Better yet, place the casserole dish on the table and let your guests serve themselves!
This concept also applies to pancakes and eggs. Rather than making them to order, spray a muffin tin with some cooking spray and bake off a crowd’s worth of individual pancakes, over-easy eggs or frittatas in one fell swoop.
6. Prep Batches of Homemade Slice + Bake Cookies Ahead of Time
Want to impress your guests with piping hot, homemade cookies -- but you don't want to make them the day of the party?
We've got you covered!
Prep the dough for culinary producer Grant Melton's Bacon-Maple Slice 'n' Bake Cookies ahead of time and freeze it -- so when it's dessert time, you can -- well -- slice 'n' bake 'em! Ta da -- “instant” homemade cookies that are actually homemade.
7. Get Spreadable Butter (or Bring Eggs to Room Temperature) In a Pinch
Nothing's worse than realizing you forgot to get the butter out of the fridge to soften it when you meant to hours ago for a baking recipe or serving at the table.
Rach recommends running the lid of your butter dish under hot water for a few seconds until it warms up. Pop the warm lid over the butter -- and by the time your guests sit down, the butter will be super spreadable.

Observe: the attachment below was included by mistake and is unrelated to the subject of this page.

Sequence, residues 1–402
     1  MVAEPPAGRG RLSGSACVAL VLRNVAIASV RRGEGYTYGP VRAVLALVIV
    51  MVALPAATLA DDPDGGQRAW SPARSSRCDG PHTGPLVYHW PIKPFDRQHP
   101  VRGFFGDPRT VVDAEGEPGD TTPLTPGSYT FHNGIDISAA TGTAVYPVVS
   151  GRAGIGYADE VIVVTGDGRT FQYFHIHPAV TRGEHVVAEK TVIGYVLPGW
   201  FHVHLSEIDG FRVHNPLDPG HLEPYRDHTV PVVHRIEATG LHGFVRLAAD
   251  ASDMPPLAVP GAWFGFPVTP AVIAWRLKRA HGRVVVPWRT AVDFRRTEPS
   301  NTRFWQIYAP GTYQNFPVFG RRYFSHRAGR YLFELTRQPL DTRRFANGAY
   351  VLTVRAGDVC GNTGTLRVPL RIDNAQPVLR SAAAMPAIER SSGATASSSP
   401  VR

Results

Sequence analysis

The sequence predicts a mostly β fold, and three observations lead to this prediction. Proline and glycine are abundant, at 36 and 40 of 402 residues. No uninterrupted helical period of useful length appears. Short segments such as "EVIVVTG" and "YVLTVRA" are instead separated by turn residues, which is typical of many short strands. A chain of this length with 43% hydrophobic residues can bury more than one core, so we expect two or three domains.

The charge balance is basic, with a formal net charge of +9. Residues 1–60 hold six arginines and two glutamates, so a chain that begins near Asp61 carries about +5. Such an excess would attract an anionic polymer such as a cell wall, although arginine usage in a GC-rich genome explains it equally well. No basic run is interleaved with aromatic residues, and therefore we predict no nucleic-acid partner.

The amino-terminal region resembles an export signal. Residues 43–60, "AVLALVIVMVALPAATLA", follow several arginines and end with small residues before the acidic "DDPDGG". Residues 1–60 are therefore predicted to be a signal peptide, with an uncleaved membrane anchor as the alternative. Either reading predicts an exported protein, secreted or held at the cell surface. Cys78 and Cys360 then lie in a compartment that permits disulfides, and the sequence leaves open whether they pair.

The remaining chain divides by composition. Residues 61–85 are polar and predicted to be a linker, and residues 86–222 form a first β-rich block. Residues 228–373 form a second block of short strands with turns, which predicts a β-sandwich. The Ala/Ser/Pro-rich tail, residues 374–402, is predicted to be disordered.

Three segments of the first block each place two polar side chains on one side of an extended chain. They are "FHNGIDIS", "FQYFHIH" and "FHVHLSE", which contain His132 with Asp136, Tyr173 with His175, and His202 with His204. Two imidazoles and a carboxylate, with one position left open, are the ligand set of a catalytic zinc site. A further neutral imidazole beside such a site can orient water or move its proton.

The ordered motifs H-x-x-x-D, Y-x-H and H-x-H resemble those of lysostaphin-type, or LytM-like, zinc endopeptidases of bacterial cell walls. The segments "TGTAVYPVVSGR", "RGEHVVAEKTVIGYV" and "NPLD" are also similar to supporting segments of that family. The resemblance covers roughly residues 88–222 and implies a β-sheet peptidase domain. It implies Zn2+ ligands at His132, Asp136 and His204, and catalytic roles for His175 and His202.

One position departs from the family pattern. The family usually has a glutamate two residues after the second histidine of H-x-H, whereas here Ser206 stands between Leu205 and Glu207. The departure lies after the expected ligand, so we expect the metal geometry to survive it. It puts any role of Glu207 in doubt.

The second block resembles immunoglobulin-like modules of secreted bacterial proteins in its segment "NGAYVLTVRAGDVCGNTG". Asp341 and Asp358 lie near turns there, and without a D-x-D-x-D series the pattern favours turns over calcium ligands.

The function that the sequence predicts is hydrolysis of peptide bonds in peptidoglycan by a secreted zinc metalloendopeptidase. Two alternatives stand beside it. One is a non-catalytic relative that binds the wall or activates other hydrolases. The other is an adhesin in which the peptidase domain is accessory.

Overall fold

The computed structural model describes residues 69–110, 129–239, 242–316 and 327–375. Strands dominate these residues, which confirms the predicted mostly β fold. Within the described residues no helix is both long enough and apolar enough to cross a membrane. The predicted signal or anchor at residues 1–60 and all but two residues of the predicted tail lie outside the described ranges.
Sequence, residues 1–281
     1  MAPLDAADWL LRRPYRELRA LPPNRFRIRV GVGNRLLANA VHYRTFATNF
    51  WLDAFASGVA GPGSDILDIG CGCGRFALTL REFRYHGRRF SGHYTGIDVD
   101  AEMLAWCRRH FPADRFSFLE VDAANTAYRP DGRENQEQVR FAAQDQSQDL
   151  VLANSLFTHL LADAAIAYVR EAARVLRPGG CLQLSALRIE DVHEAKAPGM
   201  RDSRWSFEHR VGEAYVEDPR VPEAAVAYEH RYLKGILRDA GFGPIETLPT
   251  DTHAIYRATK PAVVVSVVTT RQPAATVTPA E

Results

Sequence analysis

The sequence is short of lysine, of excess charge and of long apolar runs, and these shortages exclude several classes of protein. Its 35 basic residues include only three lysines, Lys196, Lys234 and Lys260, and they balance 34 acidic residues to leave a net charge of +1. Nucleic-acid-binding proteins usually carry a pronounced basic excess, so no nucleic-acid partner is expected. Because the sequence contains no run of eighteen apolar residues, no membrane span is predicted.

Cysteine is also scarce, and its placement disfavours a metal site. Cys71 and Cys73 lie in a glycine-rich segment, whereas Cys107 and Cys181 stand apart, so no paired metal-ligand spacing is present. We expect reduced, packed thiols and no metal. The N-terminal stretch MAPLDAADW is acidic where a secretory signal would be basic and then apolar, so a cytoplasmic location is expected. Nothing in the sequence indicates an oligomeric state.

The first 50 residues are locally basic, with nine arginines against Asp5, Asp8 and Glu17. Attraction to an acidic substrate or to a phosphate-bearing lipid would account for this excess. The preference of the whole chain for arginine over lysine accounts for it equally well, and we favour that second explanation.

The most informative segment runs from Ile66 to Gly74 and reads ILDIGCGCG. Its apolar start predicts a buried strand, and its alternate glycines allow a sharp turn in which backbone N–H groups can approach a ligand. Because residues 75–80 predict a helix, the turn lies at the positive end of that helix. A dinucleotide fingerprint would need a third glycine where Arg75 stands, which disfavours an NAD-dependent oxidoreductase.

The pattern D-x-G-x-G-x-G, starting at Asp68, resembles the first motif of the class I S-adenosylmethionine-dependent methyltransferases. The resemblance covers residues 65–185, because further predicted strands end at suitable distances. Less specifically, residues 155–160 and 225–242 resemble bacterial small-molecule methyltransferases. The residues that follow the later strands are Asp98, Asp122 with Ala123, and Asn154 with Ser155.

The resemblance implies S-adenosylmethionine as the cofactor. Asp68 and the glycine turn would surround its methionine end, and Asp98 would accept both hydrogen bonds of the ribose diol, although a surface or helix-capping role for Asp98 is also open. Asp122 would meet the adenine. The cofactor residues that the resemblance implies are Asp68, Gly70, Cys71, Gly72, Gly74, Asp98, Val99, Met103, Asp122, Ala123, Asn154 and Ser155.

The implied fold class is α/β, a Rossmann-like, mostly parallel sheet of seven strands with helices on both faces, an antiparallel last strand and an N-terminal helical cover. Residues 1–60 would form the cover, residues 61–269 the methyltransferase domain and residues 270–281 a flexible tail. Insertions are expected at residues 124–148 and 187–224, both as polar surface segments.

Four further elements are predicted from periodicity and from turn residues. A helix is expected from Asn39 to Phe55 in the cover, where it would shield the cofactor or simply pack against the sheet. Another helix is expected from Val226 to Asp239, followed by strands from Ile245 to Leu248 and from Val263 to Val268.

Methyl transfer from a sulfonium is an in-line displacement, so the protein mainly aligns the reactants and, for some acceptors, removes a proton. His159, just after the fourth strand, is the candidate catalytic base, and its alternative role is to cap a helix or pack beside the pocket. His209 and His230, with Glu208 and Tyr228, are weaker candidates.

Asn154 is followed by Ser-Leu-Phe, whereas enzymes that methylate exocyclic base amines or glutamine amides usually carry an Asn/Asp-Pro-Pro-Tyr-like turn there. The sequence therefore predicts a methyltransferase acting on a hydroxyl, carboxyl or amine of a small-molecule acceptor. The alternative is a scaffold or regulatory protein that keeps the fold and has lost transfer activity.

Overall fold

As for eggs, "If you need room temperature eggs in a pinch," our culinary producer Grant Melton explains, "all you have to do is put them in a bowl and cover them with warm water."
Just let them sit for a minute or two, and you’re good to go -- but don't use *hot* water, because you don’t want to start cooking those eggs!
8. Do Dessert In a Slow Cooker
No more oven space? No problem!
You can make these Triple-Chocolate Hazelnut Brownies in a slow cooker so your oven can be reserved for your main dishes. (This way, you don't have to stagger the cooking and baking either, thus saving you time!)
You can also use your slow cooker to make side dishes, like this Slow-Cooker Green Bean Casserole that don't fit in the oven.
9. … OR Make a No-Bake Trifle Instead of Baking at All
With oven space at a premium, why not make a dessert that doesn't have to bake at all?
This Pumpkin Pie Trifle is sure to satisfy your Thanksgiving guests' pumpkin cravings just as much as the real thing.
Place the trifle into the fridge and chill for at least 8 hours or overnight *before* your guests arrive -- so once they do, you can devote your time and attention to them (and to scooping this yummy dessert onto their plates).